Useful references for Elemental Analyzer samples
Bowen G. J., Chesson L., Nielson K., Cerling T. E. and Ehleringer J. R. (2005) Treatment methods for the determination of 2H and 18O of hair keratin by continuous-flow isotope-ratio mass spectrometry. Rapid Communications in Mass Spectrometry, 19, 2371-2378, doi:10.1002/rcm.2069.
Water extraction from soils
K. Revesz and P. Wood, A method to extract soil water for stable isotope analysis: Journal of Hydrology, 115 (1990) 397-406.
CO reference gas supplier
Oxygen Service in Orange, California makes CO for regular use with the isotope value in the natural range. Probably, they use sea water as the starting material. The price is just a fraction of other expensive suppliers. We have been using their CO for oxygen isotope reference for years.
Dachun Zhang, Lab manager
We at Menlo Park have also been struggling with d18O standards for use with pyrolysis, especially phosphates. We used two in-house standards at 11.3 and 20 per mil, both secondarily calibrated from VSMOW, but we found we run a lot of samples outside this range - so we custom-made our own standards. I started with two calibrated waters, -16.5 and +253.0 per mil, and mixed them in 5 varying proportions (0.2, 0.4, 0.6, 0.8, 1.0) to make a linear range of waters, measured them for d18O and then added to each a scoop of P2O5. I figured since P2O5 + 3H2O --> 2H3PO4, 3 out of 8 phosphate oxygens should be from the water. I neutralized the samples using NaOH and then did a fast precipitation using AgNO3. Filtered, washed 3X, dried, ground, etc... Results below:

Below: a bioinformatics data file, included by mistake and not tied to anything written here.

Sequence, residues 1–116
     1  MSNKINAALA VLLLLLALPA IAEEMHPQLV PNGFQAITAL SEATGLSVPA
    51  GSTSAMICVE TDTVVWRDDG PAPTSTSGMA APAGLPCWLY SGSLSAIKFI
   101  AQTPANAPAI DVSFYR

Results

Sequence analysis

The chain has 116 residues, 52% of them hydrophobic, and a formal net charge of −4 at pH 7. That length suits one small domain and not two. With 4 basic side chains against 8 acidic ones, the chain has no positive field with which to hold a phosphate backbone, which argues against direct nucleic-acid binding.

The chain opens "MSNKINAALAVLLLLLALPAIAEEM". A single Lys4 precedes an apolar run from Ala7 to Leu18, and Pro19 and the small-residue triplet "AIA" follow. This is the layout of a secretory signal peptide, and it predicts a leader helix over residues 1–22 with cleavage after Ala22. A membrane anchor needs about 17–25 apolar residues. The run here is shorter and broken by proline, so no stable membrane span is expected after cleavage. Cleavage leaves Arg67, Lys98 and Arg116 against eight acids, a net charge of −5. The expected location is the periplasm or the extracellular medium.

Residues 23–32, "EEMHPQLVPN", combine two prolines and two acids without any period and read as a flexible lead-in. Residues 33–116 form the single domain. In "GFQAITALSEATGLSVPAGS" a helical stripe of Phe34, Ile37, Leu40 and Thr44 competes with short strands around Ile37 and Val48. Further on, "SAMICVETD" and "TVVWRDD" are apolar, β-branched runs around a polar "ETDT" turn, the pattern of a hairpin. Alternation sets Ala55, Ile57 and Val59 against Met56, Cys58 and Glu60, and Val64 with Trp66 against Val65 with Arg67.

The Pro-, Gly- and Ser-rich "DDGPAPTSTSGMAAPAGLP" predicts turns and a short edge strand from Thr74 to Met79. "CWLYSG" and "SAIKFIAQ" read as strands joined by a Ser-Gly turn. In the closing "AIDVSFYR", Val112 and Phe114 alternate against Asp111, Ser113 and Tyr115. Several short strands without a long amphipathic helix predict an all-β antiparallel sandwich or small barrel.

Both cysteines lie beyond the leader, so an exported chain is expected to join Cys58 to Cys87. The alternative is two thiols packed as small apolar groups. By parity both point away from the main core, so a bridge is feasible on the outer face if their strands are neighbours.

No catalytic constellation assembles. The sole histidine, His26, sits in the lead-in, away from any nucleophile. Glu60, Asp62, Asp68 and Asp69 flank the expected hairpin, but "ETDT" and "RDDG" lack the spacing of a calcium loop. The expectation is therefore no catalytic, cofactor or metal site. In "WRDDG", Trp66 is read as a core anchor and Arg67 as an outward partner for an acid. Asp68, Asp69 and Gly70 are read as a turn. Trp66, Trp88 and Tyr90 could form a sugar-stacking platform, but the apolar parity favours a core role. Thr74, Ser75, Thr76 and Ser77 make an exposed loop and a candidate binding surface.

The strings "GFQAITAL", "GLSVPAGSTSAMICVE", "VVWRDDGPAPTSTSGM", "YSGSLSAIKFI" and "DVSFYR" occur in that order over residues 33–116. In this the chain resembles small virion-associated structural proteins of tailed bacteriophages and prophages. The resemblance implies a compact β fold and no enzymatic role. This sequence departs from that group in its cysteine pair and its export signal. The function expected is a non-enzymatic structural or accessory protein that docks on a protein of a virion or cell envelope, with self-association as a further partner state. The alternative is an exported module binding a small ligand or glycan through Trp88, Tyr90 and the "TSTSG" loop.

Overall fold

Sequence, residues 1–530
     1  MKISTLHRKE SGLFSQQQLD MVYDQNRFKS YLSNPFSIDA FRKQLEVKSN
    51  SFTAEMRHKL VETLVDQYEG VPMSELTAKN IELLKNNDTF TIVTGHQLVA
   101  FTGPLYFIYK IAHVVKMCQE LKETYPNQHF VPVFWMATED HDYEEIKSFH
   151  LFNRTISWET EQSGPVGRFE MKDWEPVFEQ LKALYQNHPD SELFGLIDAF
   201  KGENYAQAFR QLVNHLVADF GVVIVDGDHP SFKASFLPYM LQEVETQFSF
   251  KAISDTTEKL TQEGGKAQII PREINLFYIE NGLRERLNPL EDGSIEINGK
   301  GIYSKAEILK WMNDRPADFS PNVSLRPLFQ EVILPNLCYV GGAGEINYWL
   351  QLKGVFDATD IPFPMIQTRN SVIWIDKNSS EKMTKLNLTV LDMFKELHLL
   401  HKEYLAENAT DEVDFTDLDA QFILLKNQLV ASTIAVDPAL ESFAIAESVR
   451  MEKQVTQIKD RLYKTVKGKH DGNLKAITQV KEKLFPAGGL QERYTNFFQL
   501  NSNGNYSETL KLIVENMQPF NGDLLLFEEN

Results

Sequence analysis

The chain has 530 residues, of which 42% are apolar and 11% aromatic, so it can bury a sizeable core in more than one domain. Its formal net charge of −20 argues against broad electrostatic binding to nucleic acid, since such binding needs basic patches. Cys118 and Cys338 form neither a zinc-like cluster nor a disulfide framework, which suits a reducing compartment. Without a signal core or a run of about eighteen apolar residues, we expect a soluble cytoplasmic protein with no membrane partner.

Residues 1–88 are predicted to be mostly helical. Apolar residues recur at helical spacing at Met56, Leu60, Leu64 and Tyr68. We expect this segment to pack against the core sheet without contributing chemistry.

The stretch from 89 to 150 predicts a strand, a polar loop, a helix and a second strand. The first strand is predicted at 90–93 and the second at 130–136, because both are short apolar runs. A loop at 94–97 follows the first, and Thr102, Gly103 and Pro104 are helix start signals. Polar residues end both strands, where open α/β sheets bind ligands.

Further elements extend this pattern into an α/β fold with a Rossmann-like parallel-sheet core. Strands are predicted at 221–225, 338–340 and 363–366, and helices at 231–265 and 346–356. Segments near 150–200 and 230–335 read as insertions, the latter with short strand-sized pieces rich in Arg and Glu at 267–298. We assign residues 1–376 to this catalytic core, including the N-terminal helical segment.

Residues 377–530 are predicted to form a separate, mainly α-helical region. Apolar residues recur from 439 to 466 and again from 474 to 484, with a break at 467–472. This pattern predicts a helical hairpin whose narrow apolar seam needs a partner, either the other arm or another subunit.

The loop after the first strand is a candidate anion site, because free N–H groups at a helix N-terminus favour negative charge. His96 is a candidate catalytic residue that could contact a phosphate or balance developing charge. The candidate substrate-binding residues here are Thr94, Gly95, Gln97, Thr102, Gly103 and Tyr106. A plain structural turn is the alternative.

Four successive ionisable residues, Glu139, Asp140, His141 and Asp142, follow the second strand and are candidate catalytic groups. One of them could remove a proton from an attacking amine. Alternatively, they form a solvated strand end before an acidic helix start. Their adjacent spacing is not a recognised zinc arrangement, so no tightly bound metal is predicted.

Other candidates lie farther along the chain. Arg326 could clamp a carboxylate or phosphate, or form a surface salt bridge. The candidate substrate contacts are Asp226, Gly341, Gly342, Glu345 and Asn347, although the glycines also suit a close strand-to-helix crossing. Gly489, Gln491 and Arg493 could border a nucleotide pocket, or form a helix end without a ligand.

d18O water d18O Ag3PO4
Roughly y = 0.45x + 16. Since these weren't exactly what I was looking for I repeated the process using waters of -55 and +30 per mil, and got:
I performed two calibration runs, including all 5 from the second set and #s 2 and 3 from the first set, and added NBS-18, NBS-19, USGS-34, USGS-35, IAEA-N3, NBS-127, L-SVEC, TU-1, TU-2 (phosphates from Torsten Vennemann), YR1a (low phosphate standard from Ruth Blake), and our in-house High and Low standards. I used our in-house standards for drift and linearity corrections and ran everything else as unknowns (n=4 each). With the exceptions of NBS-18 and 19, which fell slightly below the line, we got an equation (true vs. measured) of y = 0.985x + 0.164, with an R2 of 0.9993. We did notice a slight shift between nitrate standards and phosphate standards. Although they had identical slopes, the phosphate intercept was +0.5 and the nitrate intercept was -0.5. Certainly this deserves a closer look, but it appears that running mixed oxyanions may work for some labs, at least in short runs. Phosphates seem to be quite stable and combust nicely, and the fact that they can easily be customized to fit the isotopic needs of individual labs is a bonus. Our analyses were run on a Eurovector EuroEA (1270C) feeding a VG Optima mass spec, in case anyone is interested... I should also mention we are currently working on a similar method for synthesizing a range of barium sulfate standards. I'll post this method when we have the kinks worked out.
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